Did you get it right? Click here to find out!

The correct answer: D.

Review this Pediatric Emergency Medicine Practice issue to get up-to-date on POCUS in the ED.

Already a subscriber? Earn CME for this topic by logging to take your CME test.

Clinical Pathway for Management of Hemorrhage in Patients Taking Direct Oral Anticoagulant Agents September 10, 2019

Posted by Andy Jagoda, MD in : Feature Update , 1 comment so far

Direct oral anticoagulant (DOAC) agents have become commonly used over the last 9 years for treatment and prophylaxis for thromboembolic conditions, following approvals by the United States Food and Drug Administration.

These anticoagulant agents, which include a direct thrombin inhibitor and factor Xa inhibitors, offer potential advantages for patients over warfarin; however, bleeding emergencies with DOACs can present diagnostic and therapeutic challenges because, unlike traditional anticoagulants, their therapeutic effect cannot be easily monitored directly with common clotting assays.

This clinical pathway will help you improve care in the management of hemorrhage in patients taking direct oral anticoagulant agents. Download now.

Clinical Pathway for Management of Hemorrhage in Patients Taking Direct Oral Anticoagulant Agents

Get access to more pathways with an individual or group subscription. Visit www.ebmedicine.net/EMPinfo to find out more!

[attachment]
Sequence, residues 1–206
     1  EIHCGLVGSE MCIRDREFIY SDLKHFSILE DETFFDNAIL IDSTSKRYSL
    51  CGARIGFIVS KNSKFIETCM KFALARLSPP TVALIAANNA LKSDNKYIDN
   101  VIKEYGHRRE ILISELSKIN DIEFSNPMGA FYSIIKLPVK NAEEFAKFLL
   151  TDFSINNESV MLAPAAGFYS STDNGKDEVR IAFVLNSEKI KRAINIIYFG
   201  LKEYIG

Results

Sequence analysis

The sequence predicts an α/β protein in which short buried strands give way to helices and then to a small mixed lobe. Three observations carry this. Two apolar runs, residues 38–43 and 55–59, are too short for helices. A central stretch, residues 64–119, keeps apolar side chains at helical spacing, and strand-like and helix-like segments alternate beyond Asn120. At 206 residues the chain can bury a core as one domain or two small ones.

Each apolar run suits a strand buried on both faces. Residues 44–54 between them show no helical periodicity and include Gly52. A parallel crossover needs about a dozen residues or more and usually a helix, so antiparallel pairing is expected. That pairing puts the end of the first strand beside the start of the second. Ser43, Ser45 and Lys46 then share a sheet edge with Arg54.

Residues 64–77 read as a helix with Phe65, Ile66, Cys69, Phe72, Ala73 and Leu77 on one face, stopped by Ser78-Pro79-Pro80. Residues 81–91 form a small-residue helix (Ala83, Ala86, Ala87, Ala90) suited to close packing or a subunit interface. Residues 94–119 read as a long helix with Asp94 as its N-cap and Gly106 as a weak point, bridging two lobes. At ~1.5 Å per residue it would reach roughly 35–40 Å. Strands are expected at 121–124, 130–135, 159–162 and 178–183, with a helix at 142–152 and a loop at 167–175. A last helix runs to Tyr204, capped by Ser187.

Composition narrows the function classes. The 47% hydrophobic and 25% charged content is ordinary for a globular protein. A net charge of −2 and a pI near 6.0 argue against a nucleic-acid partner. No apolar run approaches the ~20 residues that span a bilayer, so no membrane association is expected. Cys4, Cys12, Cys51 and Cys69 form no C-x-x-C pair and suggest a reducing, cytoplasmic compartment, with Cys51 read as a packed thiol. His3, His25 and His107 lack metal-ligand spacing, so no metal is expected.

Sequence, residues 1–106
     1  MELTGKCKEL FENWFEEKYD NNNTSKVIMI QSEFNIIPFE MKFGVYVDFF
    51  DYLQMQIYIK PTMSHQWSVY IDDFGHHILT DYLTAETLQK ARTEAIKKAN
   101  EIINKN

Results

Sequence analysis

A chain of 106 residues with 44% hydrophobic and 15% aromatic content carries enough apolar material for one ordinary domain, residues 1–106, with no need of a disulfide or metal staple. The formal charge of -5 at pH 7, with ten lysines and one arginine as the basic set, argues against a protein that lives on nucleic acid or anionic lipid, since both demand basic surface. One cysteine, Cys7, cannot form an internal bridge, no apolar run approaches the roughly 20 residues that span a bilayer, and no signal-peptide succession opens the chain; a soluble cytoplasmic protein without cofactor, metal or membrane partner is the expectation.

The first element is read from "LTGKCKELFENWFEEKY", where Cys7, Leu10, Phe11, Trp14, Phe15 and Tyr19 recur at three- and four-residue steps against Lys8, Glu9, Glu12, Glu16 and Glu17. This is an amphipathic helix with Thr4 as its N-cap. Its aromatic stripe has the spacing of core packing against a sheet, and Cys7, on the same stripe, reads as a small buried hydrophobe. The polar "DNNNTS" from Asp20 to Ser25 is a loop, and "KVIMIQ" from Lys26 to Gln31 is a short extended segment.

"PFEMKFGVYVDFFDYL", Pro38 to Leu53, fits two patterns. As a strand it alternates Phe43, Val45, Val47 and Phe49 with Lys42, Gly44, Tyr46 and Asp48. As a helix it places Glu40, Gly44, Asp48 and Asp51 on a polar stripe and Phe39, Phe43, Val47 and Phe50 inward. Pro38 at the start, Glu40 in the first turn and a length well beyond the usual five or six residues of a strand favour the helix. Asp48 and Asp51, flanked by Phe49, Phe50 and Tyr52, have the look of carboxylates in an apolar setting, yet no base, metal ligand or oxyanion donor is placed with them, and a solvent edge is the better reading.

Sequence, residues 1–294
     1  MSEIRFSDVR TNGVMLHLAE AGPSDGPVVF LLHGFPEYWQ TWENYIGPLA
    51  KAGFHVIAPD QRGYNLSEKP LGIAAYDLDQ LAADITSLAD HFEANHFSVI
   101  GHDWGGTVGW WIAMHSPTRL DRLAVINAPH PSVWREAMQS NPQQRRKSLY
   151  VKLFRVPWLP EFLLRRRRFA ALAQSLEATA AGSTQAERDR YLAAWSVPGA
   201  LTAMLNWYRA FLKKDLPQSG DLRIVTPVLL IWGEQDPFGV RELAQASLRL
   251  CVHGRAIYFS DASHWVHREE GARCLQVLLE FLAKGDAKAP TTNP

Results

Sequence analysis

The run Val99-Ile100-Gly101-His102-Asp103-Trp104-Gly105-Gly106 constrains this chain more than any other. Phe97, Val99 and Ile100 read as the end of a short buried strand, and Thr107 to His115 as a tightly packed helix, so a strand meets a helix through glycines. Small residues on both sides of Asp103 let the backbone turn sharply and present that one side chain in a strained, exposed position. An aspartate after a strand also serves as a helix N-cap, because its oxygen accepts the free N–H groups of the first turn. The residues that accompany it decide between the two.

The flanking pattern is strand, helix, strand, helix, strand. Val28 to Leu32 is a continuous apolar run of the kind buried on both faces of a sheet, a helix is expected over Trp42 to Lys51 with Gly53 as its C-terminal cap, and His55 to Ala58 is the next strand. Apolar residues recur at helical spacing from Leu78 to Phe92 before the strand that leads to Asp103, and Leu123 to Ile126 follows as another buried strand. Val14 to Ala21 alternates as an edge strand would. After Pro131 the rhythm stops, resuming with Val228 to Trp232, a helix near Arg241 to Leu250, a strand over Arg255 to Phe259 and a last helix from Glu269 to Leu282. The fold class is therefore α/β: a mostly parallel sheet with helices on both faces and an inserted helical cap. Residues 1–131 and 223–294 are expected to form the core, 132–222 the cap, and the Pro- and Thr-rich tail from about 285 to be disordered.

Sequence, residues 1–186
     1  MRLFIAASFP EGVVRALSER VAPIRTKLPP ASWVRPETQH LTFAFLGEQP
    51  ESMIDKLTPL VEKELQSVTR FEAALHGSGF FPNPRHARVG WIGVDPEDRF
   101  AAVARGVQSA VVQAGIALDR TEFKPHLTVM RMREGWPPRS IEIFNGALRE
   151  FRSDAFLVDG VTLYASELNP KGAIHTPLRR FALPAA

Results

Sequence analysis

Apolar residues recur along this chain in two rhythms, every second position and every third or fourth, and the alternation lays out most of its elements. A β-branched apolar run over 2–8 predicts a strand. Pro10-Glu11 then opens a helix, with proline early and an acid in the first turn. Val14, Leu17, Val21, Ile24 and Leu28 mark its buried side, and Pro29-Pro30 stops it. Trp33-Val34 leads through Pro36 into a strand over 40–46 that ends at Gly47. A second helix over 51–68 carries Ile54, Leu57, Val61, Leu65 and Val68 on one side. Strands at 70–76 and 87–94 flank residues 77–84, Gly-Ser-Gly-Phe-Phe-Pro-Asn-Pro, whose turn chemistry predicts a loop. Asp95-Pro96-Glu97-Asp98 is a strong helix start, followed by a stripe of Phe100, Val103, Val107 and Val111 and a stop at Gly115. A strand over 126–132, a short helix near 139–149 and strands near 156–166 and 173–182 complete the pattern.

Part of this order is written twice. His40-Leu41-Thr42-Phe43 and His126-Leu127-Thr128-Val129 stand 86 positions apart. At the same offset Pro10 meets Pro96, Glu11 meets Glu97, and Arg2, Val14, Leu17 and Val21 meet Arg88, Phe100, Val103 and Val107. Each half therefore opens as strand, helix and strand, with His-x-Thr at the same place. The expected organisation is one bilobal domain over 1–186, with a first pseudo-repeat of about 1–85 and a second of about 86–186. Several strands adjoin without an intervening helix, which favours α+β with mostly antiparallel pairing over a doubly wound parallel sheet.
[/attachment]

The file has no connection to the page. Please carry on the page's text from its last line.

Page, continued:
Need more information?
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Test Your Knowledge: Concussion in the ED September 10, 2019

Posted by Andy Jagoda, MD in : Brain Tease , add a comment

An increasing number of patients with concussive injuries are presenting to the ED, due to a combination of factors, including media attention to sport-related concussion, early dedication to competitive sport, and improved screening and diagnostic tools for concussion.

Emergency clinicians play an important role in diagnosing concussion, initiating treatment, and providing concussion education to patients and their caregivers to optimize recovery.

Can you get it right?


Did you get it right? Click here to find out!

The correct answer: D.

Check out the issue on Concussion in the Emergency Department: A Review of Current Guidelines to brush up on the subject. Plus earn CME for this topic by purchasing this issue.

Clinical Flowchart for the Diagnosis of Appendicitis in Pediatric Patients September 10, 2019

Posted by Andy Jagoda, MD in : Feature Update , add a comment

Appendicitis is the most common condition in children requiring emergency abdominal surgery. Delayed or missed diagnosis in young children is common and is associated with increased rates of perforation. Although several scoring systems have been developed, there is still no consensus on clinical, laboratory, and imaging criteria for diagnosing appendicitis.

The dangers associated with misdiagnosis, delay, and perforation make quick and accurate diagnosis of appendicitis essential. This flowchart provides guidance for the management of children with appendicitis

Click the image to download your flowchart.

Clinical Pathway for the Diagnosis of Appendicitis in Pediatric Patients

Get access to more pathways with an individual or group subscription. Visit www.ebmedicine.net/PEMPinfo to find out more!

Need more information?
Click here to review the issue!

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Last Modified: 10-18-2019